1. Two substances are involved in amphibian metamorphosis as studied in Ambystoma opacum: first, iodine, which is taken up by the food, and second, an excretor substance, which is evolved during the processes of growth and serves to induce the excretory function of the thyroid gland.
2. This explains why in larvæ, whose metamorphosis is inhibited by lack of iodine, growth is checked at the time when metamorphosis should occur; for at this time the excretor substance commences to act and this results, if iodine is absent, in the excretion by the thyroid of toxic substances which cause the breakdown of proteins and consequently a decrease in size of the larvæ.
3. Larvæ whose metamorphosis is inhibited by extirpation of the thyroid or by the hereditary lack of a thyroid (as is the case in Typhlomolge) can grow normally, since in them the action of the excretor substance cannot result in the excretion by the thyroid of a toxic growth-inhibiting substance.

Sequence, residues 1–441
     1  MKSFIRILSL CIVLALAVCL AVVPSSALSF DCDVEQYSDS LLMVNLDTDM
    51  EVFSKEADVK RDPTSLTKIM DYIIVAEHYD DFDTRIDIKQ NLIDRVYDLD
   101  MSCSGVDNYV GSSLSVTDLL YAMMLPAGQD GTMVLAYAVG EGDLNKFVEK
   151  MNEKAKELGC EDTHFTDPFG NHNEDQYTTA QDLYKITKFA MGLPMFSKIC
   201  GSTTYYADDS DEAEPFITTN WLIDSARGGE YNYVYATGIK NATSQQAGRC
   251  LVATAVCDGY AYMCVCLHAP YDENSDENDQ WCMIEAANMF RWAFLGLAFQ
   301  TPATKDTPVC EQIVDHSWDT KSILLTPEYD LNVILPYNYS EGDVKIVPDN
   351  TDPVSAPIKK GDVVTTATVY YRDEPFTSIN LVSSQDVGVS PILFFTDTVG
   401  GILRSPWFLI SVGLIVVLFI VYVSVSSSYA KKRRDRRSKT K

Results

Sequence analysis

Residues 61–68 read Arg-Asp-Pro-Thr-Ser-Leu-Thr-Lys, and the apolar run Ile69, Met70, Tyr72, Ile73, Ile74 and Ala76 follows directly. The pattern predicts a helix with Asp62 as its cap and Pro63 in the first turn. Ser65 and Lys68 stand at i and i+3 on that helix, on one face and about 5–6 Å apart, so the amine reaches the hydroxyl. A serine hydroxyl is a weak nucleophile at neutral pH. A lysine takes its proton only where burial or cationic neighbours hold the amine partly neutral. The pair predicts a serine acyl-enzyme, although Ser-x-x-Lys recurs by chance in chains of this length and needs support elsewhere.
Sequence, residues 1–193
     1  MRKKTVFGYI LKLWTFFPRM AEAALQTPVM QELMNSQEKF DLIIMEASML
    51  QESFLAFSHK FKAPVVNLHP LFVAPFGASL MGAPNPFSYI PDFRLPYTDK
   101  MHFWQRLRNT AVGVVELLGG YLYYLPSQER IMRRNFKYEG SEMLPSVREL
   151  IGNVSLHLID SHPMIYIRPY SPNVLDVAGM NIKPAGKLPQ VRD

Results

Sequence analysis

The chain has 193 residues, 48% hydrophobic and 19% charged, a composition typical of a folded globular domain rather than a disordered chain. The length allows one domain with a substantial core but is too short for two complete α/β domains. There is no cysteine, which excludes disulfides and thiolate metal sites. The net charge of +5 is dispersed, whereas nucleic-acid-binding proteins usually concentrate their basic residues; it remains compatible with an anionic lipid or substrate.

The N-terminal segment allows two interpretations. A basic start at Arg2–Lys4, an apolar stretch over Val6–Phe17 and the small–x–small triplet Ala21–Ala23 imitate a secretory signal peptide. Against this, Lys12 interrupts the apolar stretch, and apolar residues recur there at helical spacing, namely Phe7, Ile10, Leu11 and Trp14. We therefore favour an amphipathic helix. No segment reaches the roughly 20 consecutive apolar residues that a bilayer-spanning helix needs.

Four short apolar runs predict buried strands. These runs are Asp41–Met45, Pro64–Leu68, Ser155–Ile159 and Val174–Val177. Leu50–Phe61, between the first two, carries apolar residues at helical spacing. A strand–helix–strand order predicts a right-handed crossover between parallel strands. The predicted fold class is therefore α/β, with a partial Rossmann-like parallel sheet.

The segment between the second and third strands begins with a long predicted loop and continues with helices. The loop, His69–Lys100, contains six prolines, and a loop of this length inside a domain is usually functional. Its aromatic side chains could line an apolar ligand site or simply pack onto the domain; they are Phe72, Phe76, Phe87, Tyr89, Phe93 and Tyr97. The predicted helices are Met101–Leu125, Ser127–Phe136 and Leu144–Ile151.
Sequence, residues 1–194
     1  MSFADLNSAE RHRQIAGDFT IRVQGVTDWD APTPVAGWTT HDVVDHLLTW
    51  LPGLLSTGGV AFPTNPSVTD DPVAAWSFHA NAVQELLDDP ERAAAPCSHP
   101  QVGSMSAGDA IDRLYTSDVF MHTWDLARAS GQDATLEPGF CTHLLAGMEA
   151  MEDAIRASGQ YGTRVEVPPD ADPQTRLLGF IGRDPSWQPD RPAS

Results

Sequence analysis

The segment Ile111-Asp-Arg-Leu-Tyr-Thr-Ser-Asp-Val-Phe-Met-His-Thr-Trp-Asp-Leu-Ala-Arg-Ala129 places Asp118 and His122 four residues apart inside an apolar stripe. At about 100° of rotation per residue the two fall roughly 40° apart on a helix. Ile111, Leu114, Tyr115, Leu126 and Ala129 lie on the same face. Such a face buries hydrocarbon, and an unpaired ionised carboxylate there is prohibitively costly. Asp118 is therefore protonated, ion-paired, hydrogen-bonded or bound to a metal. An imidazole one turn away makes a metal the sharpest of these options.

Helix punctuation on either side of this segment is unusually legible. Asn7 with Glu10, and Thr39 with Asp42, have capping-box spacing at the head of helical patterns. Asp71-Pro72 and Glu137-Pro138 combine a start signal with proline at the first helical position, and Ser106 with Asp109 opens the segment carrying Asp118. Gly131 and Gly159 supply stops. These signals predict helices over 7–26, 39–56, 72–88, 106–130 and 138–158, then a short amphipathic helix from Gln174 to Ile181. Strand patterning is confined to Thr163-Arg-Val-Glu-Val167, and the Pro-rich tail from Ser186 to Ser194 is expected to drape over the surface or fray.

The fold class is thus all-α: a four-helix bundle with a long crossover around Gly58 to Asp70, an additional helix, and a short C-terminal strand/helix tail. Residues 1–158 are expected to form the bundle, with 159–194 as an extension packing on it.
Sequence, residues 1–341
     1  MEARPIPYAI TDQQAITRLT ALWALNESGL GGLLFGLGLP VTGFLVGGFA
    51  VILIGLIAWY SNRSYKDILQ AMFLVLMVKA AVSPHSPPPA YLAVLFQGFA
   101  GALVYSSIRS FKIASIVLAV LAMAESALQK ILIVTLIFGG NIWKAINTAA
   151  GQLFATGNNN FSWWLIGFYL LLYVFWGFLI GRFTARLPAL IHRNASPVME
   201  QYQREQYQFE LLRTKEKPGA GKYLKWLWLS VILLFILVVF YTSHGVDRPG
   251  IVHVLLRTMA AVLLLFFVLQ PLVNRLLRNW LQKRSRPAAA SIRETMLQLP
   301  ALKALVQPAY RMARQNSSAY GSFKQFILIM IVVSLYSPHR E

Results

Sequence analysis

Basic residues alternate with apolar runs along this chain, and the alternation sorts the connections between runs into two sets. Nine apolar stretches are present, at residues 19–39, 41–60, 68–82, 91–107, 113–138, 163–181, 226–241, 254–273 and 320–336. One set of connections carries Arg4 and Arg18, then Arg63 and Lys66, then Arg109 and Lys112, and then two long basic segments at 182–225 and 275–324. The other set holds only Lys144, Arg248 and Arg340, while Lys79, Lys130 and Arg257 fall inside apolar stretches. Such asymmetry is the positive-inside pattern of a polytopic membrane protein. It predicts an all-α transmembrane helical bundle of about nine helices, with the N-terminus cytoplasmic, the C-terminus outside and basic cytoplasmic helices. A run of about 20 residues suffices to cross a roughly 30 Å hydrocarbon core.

4. At low temperature less excretor substance is produced than at high temperature during an equal rate of growth; therefore larvæ kept at low temperature reach a larger size than larvæ kept at high temperature, before they metamorphose.